woensdag 21 maart 2012

Disturbance and diversity in grass

Romanian field with 43 species in 0.1 square meter.

A reader with no name left a link to a news article on a study on comparative plant biodiversity between ecosystems. The paper claims to be looking at biodiversity world records but that is really not that interesting; rainforests are the biodiversity hotspots of the world, what is fascinating is that when the size of the area researched shrinks grasslands rise to the fore with a spectacular number of species crammed in a tiny space. Examples: a 49-square-meter patch of Czech grassland contained 131 plant species, a patch of Argentine grassland of 1 square meter contained 89 species,  0.1 square meter of Romanian grassland contained 43 species.
 Even more fascinating is the reason for this diversity: human disturbance, read: 10.000 years of mowing. Citing 'Plant species richness: the world records'
The co-existence of large numbers of species is also of theoretical importance as a challenge to the ‘Paradox of the Plankton’. The principle of Gause states that two species occupying the same niche cannot co-exist long term, so how do 942 plant species co-exist in 1 ha of tropical rain forest? Can there be 942 niches?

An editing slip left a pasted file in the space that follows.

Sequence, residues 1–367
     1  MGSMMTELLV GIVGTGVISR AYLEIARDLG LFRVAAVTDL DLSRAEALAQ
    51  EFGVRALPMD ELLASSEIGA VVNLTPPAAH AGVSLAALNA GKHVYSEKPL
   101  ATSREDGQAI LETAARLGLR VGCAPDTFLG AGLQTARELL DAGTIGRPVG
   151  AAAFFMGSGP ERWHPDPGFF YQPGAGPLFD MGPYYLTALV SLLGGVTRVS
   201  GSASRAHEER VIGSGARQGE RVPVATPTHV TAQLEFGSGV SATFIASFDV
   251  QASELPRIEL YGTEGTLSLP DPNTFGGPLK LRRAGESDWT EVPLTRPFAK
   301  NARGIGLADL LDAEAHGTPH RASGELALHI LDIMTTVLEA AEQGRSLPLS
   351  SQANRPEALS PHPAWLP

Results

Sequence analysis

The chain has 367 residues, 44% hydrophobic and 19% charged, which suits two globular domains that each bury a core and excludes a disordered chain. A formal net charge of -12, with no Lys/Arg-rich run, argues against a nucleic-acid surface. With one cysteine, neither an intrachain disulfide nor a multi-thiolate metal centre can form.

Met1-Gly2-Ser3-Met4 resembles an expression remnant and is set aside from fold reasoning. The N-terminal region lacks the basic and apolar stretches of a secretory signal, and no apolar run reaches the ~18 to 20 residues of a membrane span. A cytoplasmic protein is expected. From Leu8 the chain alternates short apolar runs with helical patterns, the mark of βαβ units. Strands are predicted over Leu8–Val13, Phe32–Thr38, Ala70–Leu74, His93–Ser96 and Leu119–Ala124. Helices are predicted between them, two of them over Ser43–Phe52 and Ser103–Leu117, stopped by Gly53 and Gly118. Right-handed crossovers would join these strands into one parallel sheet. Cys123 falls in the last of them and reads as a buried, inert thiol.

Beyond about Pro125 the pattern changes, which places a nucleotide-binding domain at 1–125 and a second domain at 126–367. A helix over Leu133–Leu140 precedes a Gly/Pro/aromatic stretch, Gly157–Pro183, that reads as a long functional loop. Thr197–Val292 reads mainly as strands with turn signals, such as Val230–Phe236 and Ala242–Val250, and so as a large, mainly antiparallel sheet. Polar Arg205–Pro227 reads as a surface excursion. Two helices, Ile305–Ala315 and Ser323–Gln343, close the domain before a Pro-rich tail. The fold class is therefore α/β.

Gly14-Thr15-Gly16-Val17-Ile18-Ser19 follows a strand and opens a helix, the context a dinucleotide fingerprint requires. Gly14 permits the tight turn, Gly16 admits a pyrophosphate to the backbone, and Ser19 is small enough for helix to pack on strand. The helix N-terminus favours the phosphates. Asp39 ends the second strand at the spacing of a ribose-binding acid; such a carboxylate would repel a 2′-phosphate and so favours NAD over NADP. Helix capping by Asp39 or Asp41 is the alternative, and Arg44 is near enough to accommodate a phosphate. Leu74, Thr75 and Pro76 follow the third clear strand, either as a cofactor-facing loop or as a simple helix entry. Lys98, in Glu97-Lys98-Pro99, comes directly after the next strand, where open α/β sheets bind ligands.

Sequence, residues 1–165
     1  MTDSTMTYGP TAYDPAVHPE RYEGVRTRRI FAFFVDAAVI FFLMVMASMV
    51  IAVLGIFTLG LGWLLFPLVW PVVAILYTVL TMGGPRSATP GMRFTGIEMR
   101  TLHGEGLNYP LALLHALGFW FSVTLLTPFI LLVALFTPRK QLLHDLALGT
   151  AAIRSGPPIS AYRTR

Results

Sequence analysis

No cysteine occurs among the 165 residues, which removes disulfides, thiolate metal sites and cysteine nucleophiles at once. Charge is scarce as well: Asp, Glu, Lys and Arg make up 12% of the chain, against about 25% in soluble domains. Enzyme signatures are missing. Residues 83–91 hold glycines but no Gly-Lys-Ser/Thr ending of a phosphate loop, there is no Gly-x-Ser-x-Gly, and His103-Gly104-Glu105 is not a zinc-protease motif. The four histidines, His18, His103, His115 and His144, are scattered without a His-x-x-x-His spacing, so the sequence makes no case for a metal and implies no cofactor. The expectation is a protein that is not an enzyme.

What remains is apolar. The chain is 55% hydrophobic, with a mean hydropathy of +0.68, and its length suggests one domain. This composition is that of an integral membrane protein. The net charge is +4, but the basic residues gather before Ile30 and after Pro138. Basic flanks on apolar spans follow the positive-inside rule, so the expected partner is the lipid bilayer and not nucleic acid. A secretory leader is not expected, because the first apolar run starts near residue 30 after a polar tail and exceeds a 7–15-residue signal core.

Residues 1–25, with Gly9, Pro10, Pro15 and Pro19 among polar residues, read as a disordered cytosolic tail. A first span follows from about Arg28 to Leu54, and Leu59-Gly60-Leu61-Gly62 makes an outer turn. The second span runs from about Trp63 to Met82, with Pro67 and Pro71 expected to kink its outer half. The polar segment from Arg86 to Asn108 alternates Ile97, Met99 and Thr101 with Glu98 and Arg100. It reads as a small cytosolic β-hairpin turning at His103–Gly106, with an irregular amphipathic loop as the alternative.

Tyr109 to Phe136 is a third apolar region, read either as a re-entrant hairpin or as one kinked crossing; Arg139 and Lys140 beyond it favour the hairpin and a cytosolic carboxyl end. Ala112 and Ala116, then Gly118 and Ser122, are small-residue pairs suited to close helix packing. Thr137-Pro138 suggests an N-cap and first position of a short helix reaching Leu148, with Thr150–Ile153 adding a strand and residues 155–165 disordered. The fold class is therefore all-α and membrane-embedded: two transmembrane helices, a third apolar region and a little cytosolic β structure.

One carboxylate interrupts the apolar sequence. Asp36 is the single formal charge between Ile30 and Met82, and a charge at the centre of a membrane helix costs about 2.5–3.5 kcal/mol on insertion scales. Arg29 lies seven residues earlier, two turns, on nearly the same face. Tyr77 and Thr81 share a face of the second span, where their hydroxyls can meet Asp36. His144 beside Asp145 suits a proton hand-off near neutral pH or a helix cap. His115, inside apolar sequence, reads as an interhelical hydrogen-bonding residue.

The difference in vegetation type at which record richnesses are known parallels the size of the plants – grass tillers vs rain forest trees – but may also reflect intrinsic differences in the community. The high-richness short grasslands are all subject to repeated disturbance – mowing, grazing or fire – and this leads to more symmetric competition, and hence slower competitive exclusion. The most common management of these grasslands has been by mowing, practiced regularly for many years. For one of these extraordinarily rich, semi-dry grasslands, that in the Czech part of the White Carpathians, which holds the record at five spatial scales, continuity as a managed grassland since Neolithic times has been suggested, giving thousands of years for the immigration and sorting of species and for evolution to occur. Tropical rain forests have a more stable environment, the disturbances being mainly occasional windthrow. Their richness has been explained in many ways, including continuous speciation in a ‘stable’ ecosystem and high energy input. Wright (2002) highlighted niche differentiation, pest pressure and lifehistory differences.

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